MM: I only recently got a proper desk. For the longest time, I had a folding table as my desk. Now, I have a big fancy desk that has a bookshelf and all kinds of cubbies. It is really nice. I also recently switched over to using an art tablet. I have a 24” Huion tablet that is connected to a pretty new HP laptop that I used as a second screen for scripts. I also have a TV mounted on my desk, so I can watch Netflix or whatever while I work. I can’t stand sitting in silence, so it helps to have something going when I’m working.
KS: How about a passion of yours totally unrelated to comics or art? Could be something you collect, study, practice, whatever.
MM: I am a huge fan of pro wrestling. I have watched it since the day I was born, and I can’t imagine ever giving it up. There are definitely times that it is better than others. But right now, there are so many great companies going that you always have an option. Like WWE has been really stale lately, but there are companies like AEW and Impact that are putting on great shows. Also IWGP in Japan has always been some of the best wrestling in the world.
KS: Since we don’t get to talk much pro wrestling in these interviews, I can’t let that go by without asking about your personal wrestling Mount Rushmore. Not necessarily who you’d say are the four greatest of all time, but your four favorites…
MM: That is a great question. I think Great Muta/Keiji Mutoh is the greatest wrestler of all time. He is so talented in wrestling and his character is so iconic that it has been imitated by so many. I think most people would just know him from the few appearances in WCW and TNA so he might not appear on most Americans’ list but look him up on YouTube and you'll see what I mean. Hopefully, that doesn't sound too hipster of a first choice. Second is what I think is the greatest American wrestler, Steve Austin. By the time he got into WWE, his knees and neck had limited a lot of his in-ring skills, but obviously, his charisma was still shining bright. After those, it gets hard to pick only two. Some other favorites of mine are Jake Roberts, Ted DiBiase, Terry Funk, Kevin Steen, Shinya Hashimoto, AJ Styles, Bret Hart, Jeff Cobb, Keith Lee, Sami Callihan, and on and on.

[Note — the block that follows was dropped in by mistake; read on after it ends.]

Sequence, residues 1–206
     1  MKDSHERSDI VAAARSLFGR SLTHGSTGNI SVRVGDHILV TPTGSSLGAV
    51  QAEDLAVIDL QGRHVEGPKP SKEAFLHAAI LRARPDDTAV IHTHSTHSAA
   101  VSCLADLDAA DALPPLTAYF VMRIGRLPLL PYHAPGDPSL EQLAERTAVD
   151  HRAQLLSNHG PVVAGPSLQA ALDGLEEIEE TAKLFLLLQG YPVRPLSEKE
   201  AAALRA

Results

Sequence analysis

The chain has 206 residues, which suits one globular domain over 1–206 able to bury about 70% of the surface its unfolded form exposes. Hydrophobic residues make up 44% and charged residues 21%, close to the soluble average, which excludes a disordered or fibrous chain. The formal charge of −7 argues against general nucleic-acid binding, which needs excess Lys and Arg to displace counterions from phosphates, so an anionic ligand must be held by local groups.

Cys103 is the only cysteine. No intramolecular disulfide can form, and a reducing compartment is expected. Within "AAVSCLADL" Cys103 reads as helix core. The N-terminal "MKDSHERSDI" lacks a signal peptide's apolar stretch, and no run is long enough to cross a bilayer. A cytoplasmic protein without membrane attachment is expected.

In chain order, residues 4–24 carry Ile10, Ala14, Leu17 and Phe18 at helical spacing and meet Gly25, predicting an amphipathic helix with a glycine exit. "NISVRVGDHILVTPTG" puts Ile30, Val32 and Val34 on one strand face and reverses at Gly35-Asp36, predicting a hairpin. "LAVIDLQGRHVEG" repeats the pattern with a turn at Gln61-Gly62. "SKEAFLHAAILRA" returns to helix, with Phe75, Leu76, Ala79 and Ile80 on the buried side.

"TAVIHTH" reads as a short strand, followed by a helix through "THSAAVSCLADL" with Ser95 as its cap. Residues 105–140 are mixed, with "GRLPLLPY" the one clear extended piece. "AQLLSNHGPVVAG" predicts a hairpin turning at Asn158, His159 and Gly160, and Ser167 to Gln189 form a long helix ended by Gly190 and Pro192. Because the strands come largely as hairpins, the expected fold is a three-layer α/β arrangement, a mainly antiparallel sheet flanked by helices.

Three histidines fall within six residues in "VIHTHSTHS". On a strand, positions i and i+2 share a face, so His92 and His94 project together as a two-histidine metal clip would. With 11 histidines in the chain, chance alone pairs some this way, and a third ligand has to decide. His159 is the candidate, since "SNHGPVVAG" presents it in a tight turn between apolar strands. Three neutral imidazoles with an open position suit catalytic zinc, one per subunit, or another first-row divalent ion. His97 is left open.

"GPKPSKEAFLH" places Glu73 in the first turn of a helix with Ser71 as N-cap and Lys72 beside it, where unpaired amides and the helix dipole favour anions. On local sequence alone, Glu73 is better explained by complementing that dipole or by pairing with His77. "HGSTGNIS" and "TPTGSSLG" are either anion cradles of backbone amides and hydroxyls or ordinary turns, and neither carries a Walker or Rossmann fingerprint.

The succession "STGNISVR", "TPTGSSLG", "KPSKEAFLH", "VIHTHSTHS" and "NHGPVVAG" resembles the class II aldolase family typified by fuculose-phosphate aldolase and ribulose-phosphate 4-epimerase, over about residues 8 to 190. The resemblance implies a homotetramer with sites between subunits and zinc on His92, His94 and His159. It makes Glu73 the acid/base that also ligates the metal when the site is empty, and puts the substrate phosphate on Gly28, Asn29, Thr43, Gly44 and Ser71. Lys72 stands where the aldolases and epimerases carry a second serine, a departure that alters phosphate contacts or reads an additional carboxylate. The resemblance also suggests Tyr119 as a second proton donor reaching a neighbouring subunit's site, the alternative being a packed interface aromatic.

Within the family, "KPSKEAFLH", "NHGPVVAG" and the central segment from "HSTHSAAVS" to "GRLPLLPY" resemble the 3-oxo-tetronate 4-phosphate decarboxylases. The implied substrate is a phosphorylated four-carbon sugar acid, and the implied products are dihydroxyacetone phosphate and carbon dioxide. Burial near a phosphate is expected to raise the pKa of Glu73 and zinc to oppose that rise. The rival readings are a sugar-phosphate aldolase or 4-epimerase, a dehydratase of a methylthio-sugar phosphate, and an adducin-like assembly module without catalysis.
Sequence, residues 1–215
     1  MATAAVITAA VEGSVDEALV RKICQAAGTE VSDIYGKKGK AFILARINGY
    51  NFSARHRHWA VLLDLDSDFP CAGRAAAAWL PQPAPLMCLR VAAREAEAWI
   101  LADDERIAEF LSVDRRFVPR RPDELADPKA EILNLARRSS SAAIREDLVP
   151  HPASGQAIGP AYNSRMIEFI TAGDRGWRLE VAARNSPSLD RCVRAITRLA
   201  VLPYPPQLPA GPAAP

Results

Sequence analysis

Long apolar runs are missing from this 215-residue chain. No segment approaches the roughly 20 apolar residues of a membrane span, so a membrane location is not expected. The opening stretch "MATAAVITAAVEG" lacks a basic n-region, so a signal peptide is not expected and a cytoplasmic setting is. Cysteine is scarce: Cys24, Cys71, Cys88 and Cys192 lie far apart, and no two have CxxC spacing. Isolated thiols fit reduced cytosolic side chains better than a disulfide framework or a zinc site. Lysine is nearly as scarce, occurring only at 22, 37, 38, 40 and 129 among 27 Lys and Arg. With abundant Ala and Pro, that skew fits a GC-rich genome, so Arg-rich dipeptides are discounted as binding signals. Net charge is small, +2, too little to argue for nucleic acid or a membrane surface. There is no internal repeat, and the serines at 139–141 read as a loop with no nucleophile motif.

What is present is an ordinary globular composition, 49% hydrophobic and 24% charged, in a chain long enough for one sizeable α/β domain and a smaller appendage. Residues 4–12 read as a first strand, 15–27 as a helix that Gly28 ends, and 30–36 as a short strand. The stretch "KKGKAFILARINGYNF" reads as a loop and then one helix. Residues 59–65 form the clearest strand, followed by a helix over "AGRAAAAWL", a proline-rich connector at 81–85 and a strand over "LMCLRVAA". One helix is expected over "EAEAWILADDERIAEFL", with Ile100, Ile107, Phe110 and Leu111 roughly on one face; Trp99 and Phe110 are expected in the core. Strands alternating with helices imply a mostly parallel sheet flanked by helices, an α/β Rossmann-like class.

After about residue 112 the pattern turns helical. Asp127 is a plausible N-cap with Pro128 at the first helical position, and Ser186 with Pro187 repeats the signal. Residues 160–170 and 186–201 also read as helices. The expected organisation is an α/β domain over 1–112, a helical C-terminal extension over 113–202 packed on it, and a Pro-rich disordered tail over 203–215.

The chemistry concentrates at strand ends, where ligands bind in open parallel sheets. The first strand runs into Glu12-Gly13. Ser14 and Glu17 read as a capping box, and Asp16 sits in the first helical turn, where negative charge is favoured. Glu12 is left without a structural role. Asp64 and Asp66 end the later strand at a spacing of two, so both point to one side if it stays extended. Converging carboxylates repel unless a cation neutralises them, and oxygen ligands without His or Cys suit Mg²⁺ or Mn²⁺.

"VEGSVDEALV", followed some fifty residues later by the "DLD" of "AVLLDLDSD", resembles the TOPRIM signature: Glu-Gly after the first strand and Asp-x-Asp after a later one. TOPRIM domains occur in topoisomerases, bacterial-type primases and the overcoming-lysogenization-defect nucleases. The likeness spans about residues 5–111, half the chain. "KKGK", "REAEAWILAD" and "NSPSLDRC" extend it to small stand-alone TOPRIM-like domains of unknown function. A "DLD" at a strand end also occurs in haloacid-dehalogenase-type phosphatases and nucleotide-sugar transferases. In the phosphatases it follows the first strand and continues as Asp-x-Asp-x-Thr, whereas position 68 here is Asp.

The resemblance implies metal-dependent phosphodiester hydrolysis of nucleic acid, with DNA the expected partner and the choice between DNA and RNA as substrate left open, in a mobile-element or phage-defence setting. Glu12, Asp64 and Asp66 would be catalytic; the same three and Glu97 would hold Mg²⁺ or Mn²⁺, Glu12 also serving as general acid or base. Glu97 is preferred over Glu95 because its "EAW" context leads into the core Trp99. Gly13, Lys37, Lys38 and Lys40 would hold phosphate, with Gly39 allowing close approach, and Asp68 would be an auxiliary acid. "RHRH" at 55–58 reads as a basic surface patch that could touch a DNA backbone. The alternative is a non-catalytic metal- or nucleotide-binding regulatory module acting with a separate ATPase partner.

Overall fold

KS: What’s a comic or graphic novel by someone else, current or older, that you look at with admiration?
MM: I recently read through the series, Sixth Gun. I missed it while it was coming out, but that is an amazing book that created an entire universe and mythology. I was blown away by all of it. Another thing that has recently blown me away is the team-up of Tommy Lee Edwards and John Workman. I first saw them together on Mother Panic at DC and currently in Grendel, Kentucky at AWA. John Workman is one of my favorite letterers, and his work with Tommy Lee Edwards is like a dream come true.
KS: Finally, talk a little about what you’re working on now and what we should look out for in 2021.
MM: I have some books coming out soon from Mad Cave including Terminal Punks, The Last Session, and Potions Inc. All of those are great books. I really like everything Mad Cave has been putting out lately whether I am on them or not. Also coming soon from IDW, I lettered a series, Chained to the Grave, by Brian Level, Andy Eschenbach, and Kate Sherron. That is a really fun book that I am super proud of.
I also will be running a Kickstarter soon for a series that I wrote and am lettering with art by Javier Caba and edited by Mike Exner III. It is about a group of D-List villains who luck into killing a hero. It is an action-comedy comic along the lines of Superior Foes of Spider-Man and Justice League International. I had hoped to run a Kickstarter before the end of the year, but I think it may have to wait until early next year as we are getting into the holidays now. Stay tuned to all my social media so you don’t miss out.